GLENLIVET Single Malt Scotch Whisky
It all started in 1824
George Smith was the first licensed distiller in the parish of The Glenlivet. Tenacious in the face of adversity, he bravely set the tone for future whisky makers.
Today The Glenlivet distillery name is known worldwide for setting the standard in taste and quality. But it began with one man: George Smith.
George Smith is born in 1792 a small hillside farm in the parish of Glenlivet. He came from a long line of illicit distillers. As a young man his perseverance and determination were clear to see. However, as he stepped up to support his family. He was working as a joiner, building barns, mending fences and doing odd jobs on neighbouring farms.
He was a true pioneer came with considerable risk. In fact, he faced frequent attacks from competing distillers and smugglers envious of his success. To defend himself, he famously carried a pair of hair-trigger pistols, given to him by the Laird of Aberlour.
Barley, water and yeast: that’s all it takes to make a single malt – but it’s the expert crafting that brings out the exquisite flavours and qualities unique to The Glenlivet. We’ve been perfecting our techniques since 1824, and almost 200 years on, our six-stage process still reflects the original thinking of our founder, George Smith.
Professional maltsters soak rich Scottish barley in water for several days, allowing it to germinate. Once the shoots have appeared, the barley is heated and dried, at which point it becomes known as ‘malt’.
Unlike at other distilleries, we don’t use peat during the drying process, so the barley’s natural flavours and aromas are retained.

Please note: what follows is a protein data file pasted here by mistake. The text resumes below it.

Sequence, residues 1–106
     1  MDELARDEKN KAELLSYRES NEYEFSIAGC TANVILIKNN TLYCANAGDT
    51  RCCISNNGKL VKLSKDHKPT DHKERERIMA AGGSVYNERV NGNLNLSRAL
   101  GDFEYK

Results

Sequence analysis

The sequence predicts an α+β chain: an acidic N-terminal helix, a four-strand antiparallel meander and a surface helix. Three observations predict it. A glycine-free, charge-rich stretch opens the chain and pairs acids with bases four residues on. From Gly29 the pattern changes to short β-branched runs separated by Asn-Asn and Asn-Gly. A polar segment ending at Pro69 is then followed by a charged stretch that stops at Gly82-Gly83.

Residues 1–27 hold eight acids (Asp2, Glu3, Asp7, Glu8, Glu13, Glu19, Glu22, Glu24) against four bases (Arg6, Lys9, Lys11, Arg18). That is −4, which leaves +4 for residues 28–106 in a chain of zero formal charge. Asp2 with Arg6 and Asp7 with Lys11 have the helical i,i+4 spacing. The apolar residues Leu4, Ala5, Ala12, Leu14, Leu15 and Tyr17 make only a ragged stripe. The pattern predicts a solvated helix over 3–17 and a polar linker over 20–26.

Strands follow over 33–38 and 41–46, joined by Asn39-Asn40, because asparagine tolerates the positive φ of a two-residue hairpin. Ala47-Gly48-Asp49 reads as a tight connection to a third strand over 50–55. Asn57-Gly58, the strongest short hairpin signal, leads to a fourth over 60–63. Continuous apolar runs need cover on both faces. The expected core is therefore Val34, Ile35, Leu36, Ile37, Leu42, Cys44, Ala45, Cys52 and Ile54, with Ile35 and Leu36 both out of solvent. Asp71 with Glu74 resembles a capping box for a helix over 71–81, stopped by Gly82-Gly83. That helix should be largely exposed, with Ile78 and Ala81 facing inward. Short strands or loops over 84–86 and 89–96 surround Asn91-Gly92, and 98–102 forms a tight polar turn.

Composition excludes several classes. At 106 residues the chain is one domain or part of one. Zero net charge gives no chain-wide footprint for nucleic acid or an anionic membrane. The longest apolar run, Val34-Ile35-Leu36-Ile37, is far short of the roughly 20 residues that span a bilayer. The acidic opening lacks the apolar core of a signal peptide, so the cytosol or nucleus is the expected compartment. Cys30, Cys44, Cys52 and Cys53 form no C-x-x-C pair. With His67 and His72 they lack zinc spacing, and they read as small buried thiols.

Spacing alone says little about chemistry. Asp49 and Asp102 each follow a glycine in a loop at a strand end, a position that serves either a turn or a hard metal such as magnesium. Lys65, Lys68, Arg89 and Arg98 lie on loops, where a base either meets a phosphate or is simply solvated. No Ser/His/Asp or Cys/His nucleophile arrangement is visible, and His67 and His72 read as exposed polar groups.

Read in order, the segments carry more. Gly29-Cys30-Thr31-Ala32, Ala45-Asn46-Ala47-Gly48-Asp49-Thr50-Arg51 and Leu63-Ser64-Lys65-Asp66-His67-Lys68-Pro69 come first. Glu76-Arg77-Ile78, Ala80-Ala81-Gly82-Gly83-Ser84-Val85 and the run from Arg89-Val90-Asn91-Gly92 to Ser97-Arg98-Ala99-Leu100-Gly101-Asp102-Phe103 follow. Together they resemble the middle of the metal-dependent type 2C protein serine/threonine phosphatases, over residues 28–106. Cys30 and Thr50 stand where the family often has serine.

Once the dried malt is delivered to us at the distillery, we run it in batches through our traditional malt mill, which grinds it into a coarse flour called ‘grist’. The hard barley husks are split open to release the starch granules inside.
We mash the grist with hot spring water in a ‘mash tun’, a machine with rotating arms that stirs the mixture. The modern ones we use here on Speyside have been designed to obtain the maximum possible sugar and starch from the grist.
The water we use comes from Josie’s Well, a natural spring that bubbles out of The Glenlivet’s dark earth. In the mash tun, the enzymes developed during the malting process convert the starch in the malt into sugar. The clear, sugary liquid produced by mashing is known as ‘wort’.
The wort is transferred to large vessels called ‘washbacks’. In many distilleries you’ll find washbacks made from stainless steel, but we use Oregon pine ones instead, infusing the spirit with many of the aromas and tastes that make The Glenlivet whiskies so special.
In these washbacks we cool the wort and add yeast to the solution, which converts the sugars into alcohol and flavour-imparting impurities called ‘congeners’. After two days, the wort becomes ‘wash’, a frothy beer that usually has an alcohol strength of between 8-9%.
There are two stages to distillation. First, we heat the wash in our copper pot stills until the alcohol, which has a lower boiling point than water, evaporates. George Smith design our stills on the lantern shape. They are unique to The Glenlivet. The width of their necks encourages maximum contact with the purifying copper. Their height ensures only the lightest vapours reach the top, where they cool, condense and become ‘low wines’, with an alcohol content of approximately 20-22%.
In stage two, we distil the low wines in the spirit still. Once cooled, the stillman ‘cuts’ the liquid, separating the heads (the high alcohol liquid that comes out first), the heart (the desirable liquid of appropriate strength and quality) and the tail (the unusable liquid that comes out last). We recycle the heads and tails, the heart goes into the spirit receiver.
We carefully select combinations of casks made from European oak and American oak to give each expression its unique characteristics.
The whisky matures for a set period: 12 years, 25 years or even more. This is when the whisky develops most of its flavour.
During maturation, the whisky constantly evaporates, albeit incredibly slowly. This “angels’ share” means thousands of gallons are lost annually, but it’s worth it to appease the whisky gods and continue the legacy of The Glenlivet.